Virtual Matters: Exploring the Communicative Accomplishment of Virtual Work and Virtual Ethnography

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Contribution to Books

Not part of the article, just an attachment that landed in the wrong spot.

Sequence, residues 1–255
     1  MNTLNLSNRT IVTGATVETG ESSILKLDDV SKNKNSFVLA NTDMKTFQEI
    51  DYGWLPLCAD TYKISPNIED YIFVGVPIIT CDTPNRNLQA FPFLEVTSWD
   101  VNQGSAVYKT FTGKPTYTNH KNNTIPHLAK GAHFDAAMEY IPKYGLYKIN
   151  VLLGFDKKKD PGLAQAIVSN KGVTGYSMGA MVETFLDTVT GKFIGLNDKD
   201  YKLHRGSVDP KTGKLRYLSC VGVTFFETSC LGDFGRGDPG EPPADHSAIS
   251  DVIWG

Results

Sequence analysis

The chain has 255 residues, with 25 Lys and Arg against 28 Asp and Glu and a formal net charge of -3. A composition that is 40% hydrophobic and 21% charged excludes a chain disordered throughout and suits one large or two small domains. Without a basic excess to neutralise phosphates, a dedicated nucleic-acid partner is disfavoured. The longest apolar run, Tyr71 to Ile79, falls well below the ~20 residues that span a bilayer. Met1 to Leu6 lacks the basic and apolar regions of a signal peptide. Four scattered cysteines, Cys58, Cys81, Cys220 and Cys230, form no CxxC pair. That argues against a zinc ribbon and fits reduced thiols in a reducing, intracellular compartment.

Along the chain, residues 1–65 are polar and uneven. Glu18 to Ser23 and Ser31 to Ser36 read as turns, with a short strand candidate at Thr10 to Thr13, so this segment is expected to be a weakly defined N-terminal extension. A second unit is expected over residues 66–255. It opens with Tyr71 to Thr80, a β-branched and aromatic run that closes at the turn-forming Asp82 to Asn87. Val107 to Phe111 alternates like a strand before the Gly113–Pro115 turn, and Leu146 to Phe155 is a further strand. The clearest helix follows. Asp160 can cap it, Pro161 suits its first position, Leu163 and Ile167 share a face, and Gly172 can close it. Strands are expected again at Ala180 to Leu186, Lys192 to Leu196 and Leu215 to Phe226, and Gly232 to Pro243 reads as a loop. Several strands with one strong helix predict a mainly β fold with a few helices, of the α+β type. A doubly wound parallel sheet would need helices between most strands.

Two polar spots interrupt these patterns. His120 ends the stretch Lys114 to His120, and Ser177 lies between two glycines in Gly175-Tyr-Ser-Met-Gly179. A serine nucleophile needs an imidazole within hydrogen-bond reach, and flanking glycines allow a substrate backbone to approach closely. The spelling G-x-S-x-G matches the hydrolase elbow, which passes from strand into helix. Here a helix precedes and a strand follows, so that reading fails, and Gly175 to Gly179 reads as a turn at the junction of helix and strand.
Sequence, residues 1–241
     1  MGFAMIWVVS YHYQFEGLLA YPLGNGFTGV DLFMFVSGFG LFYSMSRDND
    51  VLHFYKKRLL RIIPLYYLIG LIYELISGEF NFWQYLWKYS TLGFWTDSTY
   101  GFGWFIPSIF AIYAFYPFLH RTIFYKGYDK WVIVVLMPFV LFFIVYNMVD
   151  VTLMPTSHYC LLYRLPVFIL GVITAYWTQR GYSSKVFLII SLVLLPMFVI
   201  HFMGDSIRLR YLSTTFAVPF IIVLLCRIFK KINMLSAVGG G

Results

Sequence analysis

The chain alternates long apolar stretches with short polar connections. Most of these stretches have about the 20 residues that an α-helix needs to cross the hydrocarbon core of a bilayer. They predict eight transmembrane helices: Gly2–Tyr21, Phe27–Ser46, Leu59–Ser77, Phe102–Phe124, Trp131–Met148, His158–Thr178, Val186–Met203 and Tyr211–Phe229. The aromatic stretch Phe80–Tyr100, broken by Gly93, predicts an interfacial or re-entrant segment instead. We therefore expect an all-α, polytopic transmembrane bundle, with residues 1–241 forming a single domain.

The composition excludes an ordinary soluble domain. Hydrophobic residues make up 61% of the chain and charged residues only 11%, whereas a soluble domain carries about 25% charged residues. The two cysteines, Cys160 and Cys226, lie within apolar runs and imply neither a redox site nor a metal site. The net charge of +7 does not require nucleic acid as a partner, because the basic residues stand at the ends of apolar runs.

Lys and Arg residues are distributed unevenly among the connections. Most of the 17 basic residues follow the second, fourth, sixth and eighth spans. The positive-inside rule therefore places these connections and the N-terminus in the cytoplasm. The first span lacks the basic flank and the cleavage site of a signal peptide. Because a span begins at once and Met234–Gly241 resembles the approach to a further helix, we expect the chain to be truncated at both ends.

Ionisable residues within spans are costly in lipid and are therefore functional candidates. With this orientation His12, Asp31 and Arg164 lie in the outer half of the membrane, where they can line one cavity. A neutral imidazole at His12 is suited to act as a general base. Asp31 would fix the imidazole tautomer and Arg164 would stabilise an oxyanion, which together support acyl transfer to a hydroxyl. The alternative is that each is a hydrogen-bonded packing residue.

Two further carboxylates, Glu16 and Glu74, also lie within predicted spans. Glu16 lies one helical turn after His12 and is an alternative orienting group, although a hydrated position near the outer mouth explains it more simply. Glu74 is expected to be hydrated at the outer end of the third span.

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Recent research highlights the complexity of virtual work and calls on researchers to examine virtual work as more than simply doing a job, but as negotiating a state of being virtual (Leonardi, Jackson, & Marsh, 2004; Long, 2010). A similar call has been made by virtual ethnographers to move away from cataloguing the differences between virtual ethnographic practices and co-located ethnographic practices and instead reflexively reconsider how and why to conduct a virtual ethnography (Hine, 2005). This chapter responds to both calls by exploring how virtual workers communicatively construct distance not as geographical absence, but as presence (Leonardi, et al., 2004; Broadfoot, Munshi, & Nelson-Marsh, 2010). Based on this knowledge, the chapter then develops a heuristic methodological framework that embraces reflexivity as a starting point and privileges communication as the mode through which virtual work is constituted and through which academics arrive at a deeper understanding of both virtual work and virtual ethnography.